Students, protesters head to Capitol in anti-Trump march
About 500 people protesting the inauguration of Donald Trump as president converged Friday on the state Capitol after marching along various routes through Sacramento.
The march was peaceful, with police controlling traffic and closing downtown intersections to accommodate the marchers. The protest was a melting pot of Sacramento-area activists, from socialists to members of the local Black Lives Matter movement.
Disability rights activist and former Sacramento mayoral candidate Russell Rawlings was among the speakers on the west steps of the Capitol. He noted that Sacramento is a “sanctuary city” – meaning it does not assist federal authorities in deporting undocumented immigrants – and that Trump has threatened to strip such cities of federal support.
“We’re going to have a lot of work ahead of us,” Rawlings said. “We need to build the resistance now.”
Four groups of marchers came together at the Capitol after starting from points in Oak Park, Land Park, West Sacramento and North Sacramento.
One group, numbering about 100 people, started marching at Sacramento City College. About 1 p.m., they passed C.K. McClatchy High School with chants of, “Join us, join us.”
About two dozen students ran out of the school and joined the march, blocking traffic on Freeport Boulevard. Roughly 30 students from Sacramento Charter High School joined a separate march that started in Oak Park’s McClatchy Park. The two groups met at the corner of Broadway and 21st Street, forming a mass of 200 protesters.
School district officials said there had been no reports of students leaving the McClatchy High School campus, but the fleeing students were witnessed by a Sacramento Bee reporter. “The population has been stable during the day,” said Maria Lopez, Sacramento City Unified spokeswoman.
McClatchy teacher Lori Jablonski said about 25 students joined the protesters.
“We ran to the windows when we heard the rally folks come by,” she said. “Most of my students had no idea this was happening.”
Sacramento’s peaceful march was in contrast to violent protests in Washington, D.C., where more than 200 people were arrested during a demonstration after Trump’s inauguration. A larger march – the Women’s March – is planned for Saturday in Sacramento and in cities around the nation.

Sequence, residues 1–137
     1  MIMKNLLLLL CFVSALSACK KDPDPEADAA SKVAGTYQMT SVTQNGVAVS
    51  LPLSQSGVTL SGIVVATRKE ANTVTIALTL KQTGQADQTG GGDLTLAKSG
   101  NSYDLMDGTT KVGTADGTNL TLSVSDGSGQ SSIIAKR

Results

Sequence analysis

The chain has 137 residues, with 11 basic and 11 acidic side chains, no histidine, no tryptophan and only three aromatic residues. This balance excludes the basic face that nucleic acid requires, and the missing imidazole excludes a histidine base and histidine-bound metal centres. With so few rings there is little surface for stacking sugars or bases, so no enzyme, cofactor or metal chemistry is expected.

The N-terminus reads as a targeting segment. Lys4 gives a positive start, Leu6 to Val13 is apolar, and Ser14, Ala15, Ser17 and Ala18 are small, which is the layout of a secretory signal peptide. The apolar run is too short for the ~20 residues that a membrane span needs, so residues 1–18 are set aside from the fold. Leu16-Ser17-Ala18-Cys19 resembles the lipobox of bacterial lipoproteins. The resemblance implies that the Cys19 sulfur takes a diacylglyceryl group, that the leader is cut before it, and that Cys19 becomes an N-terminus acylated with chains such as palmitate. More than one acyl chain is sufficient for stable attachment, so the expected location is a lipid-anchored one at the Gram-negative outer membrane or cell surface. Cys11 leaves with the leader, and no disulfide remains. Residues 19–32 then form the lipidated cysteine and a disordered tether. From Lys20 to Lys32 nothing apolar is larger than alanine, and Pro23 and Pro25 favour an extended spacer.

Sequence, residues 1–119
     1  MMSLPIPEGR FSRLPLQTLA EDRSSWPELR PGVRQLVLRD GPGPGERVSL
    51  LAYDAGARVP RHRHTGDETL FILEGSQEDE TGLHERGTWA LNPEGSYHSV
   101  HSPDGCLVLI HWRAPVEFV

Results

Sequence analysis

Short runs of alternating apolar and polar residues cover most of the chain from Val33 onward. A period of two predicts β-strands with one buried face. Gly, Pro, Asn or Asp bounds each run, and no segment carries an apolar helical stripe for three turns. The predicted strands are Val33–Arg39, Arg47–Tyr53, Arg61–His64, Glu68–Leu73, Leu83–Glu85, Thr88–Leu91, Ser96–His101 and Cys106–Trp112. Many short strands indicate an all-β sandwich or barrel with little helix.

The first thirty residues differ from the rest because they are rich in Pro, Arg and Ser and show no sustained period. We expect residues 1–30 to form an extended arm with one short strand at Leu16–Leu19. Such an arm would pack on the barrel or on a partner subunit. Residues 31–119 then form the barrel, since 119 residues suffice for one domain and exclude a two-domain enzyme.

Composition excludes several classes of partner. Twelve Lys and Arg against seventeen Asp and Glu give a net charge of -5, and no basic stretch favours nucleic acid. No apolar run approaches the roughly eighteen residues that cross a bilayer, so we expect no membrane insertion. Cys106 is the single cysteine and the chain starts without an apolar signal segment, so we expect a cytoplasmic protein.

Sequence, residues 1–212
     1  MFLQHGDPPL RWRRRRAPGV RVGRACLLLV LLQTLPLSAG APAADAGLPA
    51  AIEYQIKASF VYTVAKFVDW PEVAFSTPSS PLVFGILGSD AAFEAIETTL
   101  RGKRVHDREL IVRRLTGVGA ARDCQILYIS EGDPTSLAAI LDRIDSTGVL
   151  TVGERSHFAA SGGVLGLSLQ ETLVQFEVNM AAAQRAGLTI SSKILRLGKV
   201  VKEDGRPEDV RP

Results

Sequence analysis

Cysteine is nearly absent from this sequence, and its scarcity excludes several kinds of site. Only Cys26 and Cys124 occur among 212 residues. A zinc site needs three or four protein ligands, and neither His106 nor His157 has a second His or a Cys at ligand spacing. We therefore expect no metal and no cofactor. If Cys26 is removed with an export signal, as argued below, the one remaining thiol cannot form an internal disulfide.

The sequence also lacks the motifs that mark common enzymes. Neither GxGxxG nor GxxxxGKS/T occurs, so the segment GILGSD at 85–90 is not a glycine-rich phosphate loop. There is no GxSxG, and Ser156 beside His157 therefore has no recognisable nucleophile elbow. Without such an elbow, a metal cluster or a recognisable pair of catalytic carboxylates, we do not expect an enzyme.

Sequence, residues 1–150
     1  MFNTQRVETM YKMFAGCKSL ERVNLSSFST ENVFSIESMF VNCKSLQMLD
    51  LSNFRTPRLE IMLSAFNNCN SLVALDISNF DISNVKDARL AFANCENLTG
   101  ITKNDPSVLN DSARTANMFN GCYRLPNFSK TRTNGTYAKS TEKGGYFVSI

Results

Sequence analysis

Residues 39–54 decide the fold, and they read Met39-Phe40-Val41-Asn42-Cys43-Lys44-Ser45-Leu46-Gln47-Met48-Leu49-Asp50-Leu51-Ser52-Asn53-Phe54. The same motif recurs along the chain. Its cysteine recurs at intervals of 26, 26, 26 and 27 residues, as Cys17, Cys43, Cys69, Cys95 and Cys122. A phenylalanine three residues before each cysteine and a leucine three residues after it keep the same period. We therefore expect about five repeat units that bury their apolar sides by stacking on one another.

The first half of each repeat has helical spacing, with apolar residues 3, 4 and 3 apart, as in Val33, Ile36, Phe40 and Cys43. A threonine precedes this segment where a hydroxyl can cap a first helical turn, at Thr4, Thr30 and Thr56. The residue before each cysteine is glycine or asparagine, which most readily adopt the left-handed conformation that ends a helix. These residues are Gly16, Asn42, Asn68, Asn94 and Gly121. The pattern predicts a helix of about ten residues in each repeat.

Marchers descending on the Capitol on Friday chanted, “Stand up, fight back,” and “Say it loud, say it clear, immigrants are welcome here.” They were escorted by Sacramento police and California Highway Patrol officers, who kept their distance. Curious shoppers along Broadway and workers from downtown state office buildings stood on the sidewalk and photographed the marchers with cellphones.
The exposure wasn’t entirely welcome by all participants. One young man walking with the group passed out “don't snitch” fliers and tried to grab cellphones from people documenting the march.
Marchers carried signs, megaphones and a battery-powered PA system in a wheelchair to make their voices heard as they walked.
Cosumnes River College student Lola Chase was among the marchers walking from Sacramento City College to the Capitol.
“I refuse to let hatred become the norm,” said Chase, 18. “Islamophobia, xenophobia, racism and sexism were not OK before and they’re not OK now.”
Keyan Bliss, an East Sacramento activist, said it was “rich” that Republicans are asking those opposed to Trump to “get over it.”
“I’m here to say he’s not getting an inch, he is not my president,” Bliss said as around 40 people gathered at McClatchy Park before their 3.2-mile march to the Capitol.